Jefferson’s moose was a specimen brought to England and assembled there to disprove the notion that America was a land of “degeneracy.” Post and Crawford ask: What would you exhibit from cyberspace to prove its worth to a foreign observer?
I started my cyberlaw class with an exploration of analogy in Reno v. ACLU: What is cyberspace like (a telephone network with dial-a-porn, a radio broadcast, a magazine shop, a city block)? and ended by noting the limitations of any analogy to capture the Internet’s communicative potential. It’s not just “a phone network, with pictures” or “a magazine shop where anyone can publish a zine,” but a new beast with the potential to be those and much more — and that frightens regulators and incumbents who know the old and face competition from the new. So along with analogies to older technologies, we need specimens of what’s possible with the new. Happily, the Net provides us new ones daily — and we don’t even need to pack them for shipment across the Atlantic.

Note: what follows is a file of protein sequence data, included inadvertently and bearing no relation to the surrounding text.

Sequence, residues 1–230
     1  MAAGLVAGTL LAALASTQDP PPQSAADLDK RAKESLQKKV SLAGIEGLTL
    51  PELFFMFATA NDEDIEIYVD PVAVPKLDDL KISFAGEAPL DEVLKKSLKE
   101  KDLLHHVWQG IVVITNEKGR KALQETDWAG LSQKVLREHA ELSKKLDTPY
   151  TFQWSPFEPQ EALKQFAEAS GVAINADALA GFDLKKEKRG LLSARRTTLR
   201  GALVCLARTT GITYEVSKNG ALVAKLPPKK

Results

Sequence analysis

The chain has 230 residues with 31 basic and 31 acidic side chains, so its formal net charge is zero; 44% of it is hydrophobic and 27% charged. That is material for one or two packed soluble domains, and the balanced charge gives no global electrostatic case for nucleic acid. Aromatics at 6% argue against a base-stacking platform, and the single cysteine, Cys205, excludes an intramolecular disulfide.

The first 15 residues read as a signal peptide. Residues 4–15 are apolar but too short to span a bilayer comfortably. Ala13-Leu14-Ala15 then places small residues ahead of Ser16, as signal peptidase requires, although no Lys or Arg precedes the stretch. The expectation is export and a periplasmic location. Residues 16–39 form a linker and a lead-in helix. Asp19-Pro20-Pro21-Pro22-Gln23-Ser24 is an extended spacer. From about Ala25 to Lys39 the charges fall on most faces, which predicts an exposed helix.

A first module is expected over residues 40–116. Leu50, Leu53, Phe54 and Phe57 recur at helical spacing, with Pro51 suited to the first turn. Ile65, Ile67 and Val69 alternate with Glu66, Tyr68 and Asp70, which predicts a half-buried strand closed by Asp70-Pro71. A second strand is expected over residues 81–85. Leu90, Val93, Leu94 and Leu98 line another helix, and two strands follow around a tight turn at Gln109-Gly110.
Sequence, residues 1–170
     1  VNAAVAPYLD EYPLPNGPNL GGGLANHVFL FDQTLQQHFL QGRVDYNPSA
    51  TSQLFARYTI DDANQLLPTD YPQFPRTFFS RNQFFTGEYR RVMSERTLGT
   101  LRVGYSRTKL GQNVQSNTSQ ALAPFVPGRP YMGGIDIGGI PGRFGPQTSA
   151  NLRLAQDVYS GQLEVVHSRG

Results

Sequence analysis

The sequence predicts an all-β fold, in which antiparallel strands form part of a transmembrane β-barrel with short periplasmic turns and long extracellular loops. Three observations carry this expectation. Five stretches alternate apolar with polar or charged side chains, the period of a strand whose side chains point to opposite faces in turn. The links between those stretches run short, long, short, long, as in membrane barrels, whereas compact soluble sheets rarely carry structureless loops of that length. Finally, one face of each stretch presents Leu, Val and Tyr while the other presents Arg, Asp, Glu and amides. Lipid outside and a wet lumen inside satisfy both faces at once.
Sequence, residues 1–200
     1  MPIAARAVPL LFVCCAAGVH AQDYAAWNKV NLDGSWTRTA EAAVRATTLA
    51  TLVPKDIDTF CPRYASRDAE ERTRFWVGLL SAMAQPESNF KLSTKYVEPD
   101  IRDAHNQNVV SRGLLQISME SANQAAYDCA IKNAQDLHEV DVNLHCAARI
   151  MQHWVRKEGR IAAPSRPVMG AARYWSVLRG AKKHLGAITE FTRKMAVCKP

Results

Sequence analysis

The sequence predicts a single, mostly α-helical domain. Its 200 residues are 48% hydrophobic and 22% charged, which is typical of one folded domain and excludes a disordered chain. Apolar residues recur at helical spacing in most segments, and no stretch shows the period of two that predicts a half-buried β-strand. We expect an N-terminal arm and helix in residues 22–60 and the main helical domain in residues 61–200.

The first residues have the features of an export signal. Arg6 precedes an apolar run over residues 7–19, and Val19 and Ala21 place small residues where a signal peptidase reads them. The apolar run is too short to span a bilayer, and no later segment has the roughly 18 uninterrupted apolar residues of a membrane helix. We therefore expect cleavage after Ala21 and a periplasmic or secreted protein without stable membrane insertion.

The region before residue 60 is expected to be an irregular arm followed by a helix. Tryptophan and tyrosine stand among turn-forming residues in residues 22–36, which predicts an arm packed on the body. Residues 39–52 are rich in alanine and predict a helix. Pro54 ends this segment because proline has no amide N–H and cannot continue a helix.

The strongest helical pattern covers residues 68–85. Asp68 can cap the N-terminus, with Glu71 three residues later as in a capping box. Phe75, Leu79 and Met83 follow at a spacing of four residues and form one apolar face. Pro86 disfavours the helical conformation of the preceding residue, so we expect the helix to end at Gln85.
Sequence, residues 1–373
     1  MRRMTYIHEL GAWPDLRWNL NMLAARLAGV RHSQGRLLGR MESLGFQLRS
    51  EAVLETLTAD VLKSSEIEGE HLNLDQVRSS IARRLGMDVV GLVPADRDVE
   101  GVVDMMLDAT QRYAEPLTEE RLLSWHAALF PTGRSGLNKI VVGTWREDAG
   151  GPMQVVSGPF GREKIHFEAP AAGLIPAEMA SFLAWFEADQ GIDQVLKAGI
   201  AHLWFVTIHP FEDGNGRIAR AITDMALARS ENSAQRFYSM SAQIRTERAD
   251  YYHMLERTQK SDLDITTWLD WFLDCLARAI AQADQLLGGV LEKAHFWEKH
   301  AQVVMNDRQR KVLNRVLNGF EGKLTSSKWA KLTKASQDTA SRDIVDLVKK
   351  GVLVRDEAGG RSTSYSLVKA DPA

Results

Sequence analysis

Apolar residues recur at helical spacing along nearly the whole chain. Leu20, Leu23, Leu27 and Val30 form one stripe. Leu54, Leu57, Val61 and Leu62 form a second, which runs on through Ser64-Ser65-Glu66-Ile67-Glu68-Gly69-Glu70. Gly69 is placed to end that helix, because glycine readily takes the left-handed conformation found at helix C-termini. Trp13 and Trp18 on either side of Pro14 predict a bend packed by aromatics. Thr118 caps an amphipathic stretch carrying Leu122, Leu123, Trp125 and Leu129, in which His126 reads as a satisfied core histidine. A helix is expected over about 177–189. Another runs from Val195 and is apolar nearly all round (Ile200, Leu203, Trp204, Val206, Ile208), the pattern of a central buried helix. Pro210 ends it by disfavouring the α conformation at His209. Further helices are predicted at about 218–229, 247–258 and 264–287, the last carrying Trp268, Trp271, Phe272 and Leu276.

Blogging will be light here while my students take their exams. Wouldn’t want anyone to think there were secret answers hidden in blog entries. But how could I pass up the excuse to post moose photos from Jackson Hole?